Could Brazil’s F-X2 Fighter Modernization Program Grow into Mega Deal?

The armored version of Navistar Defense' International MXT-MV was selected by the U.K. to become the 'Husky' tactical protected vehicle, supporting military units deployed in areas inaccessible by heavier MRAP armored trucks. Photo: Navistar Defense

While Brazil is evaluating the proposals submitted by the three finalists – Boeing, Dassault and Saab, the government and Air Force are also reevaluating their longer term requirements in an attempt to expand the production base into more economical levels.

Following significant Russian pressure, the Su-35 re-emerged as a candidate for Brazil's F-X2 fighter modernization program. The Russians have submitted their offer based on a local production program that could include up to 100 locally assembled Su-35 aircraft. Russia have already delivered similar Su-30MK2 fighters to Venezuela. Photo: Sukhoi.

In November 2007 Brazil announced its plans to embark on a $2.2 billion F-X2 future fighter procurement, seeking to modernize its air forces’ first-line fighter fleet with 36 latest generation fighters. This modernization is long overdue, since the most modern asset in the arsenal of the Forca Aerea Brasileira (FAB – Brazilian Air Force) are locally built Super Tucano/ALX surveillance and light attack turboprops, built by Embraer. Its first-line operation units include a few squadrons of locally built AMX subsonic light fighters, which constantly receive phased upgrades from Italy and Israel, and 1960 vintage F-5BRs also modernized with Israeli avionics systems. A previous attempt to modernize the Brazilian Air Force failed in 2004, due to lack of political support. Brazil then opted to buy a squadron of 12 French Air Force Mirage 2000s to replace its obsolete Mirage III mach-2 fighters.

The program, currently known as F-X2 reached its important milestone almost a year later, in October 08 as the Air Force selected the three fighters that could meet its requirements. These included the American Boeing F/A-18E/F, Swedish Saab-39 Gripen NG and French Rafale from Dassault. Eurofighter and Sukhoi were out of the list, as well as the U.S. F-16 and F-35. By February 2009 all proposals were submitted, only to find that the Brasilians and Russians may have renegotiated another deal.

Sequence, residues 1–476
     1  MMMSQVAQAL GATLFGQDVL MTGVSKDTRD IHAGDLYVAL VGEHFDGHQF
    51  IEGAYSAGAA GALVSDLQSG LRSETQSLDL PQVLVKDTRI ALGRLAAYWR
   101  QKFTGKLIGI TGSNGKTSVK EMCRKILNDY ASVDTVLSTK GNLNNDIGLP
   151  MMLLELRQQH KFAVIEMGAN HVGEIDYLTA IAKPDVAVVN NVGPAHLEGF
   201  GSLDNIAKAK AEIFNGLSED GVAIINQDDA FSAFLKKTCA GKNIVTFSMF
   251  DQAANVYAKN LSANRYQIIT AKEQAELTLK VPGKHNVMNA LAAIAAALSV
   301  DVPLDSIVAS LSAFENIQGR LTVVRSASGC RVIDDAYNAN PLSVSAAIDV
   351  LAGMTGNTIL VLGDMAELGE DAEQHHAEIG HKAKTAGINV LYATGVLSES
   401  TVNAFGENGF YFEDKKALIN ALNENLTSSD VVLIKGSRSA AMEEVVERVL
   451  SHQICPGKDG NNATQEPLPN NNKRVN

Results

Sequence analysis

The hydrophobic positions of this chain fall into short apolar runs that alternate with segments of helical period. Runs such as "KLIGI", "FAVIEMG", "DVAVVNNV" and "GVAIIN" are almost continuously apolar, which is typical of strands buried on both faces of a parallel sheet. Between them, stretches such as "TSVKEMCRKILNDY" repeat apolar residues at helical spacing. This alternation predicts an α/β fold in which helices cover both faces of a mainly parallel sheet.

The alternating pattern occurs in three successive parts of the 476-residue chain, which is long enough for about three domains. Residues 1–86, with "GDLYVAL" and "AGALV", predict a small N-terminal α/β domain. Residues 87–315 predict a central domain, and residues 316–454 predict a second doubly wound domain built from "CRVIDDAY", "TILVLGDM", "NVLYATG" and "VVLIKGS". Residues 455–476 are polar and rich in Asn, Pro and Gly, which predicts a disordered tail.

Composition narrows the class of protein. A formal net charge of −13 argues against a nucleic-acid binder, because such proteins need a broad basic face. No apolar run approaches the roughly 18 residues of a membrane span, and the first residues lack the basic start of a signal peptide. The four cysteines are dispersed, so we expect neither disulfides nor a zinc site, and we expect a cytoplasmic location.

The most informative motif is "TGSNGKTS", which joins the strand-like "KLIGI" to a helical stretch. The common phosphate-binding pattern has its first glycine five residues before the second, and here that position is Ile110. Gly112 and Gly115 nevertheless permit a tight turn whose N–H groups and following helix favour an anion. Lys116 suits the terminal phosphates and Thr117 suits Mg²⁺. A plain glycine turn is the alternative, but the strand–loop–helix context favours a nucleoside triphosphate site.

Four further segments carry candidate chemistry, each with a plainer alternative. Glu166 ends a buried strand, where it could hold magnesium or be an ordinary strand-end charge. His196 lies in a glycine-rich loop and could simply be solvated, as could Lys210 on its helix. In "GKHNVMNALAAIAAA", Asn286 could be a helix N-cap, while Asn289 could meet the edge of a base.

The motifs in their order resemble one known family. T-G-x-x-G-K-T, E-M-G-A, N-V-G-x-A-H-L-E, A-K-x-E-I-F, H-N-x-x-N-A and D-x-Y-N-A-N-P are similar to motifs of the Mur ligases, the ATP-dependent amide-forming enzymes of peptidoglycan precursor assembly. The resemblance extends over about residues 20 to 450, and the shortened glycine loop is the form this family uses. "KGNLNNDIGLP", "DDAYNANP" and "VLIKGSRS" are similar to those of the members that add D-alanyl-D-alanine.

Following significant Russian pressure, the Su-35 re-emerged as a candidate, but, according to Russian sources, the volume of the program increased dramatically and now counts 100 aircraft, almost matching the Indian MMRCA planned acquisition of 126 aircraft that has been stirring the entire military world in the past years. Naturally, Moscow is proposing local production of the aircraft in Brazil. The Brazilian Air Force has already made a clear choice about the types of weapons it will be fielding on its new fighters. These are likely to comprise of the South African Darter-A short range IR missiles, being developed under cooperation between the Brazilian Air Force and South African Denel and the Israeli Derby beyond-visual-range (BVR) missiles, already adapted for Brazil’s modernized F-5BRs. WHile Darter-A is being integrated with the Gripen, to fit on the South African Air Force fighters, the Derby is believed to be one of the weapons the Indian Air Force has earmarked for its MMRCA program.

This dramatic change will undoubtedly call all participants to recalculate their offers. It is also expected to draw extreme pressure from Europe, to reconsider the Eurofighter Typhoon. However, most bidders would, undoubtedly remain cautious trusting government officials in San Paolo to remain committed to such a long term program, securing political and financial over the next decade. Under these circumstances, in any country such chaos would totally derail the program, so it remains to be seen what will be the fate of Brazil’s F-X2.

In February 2009 Gripen International has submitted an offer to deliver 36 Gripen NG fighters to Brazil, in response to Brazil's F-X2 program. Photo: Saab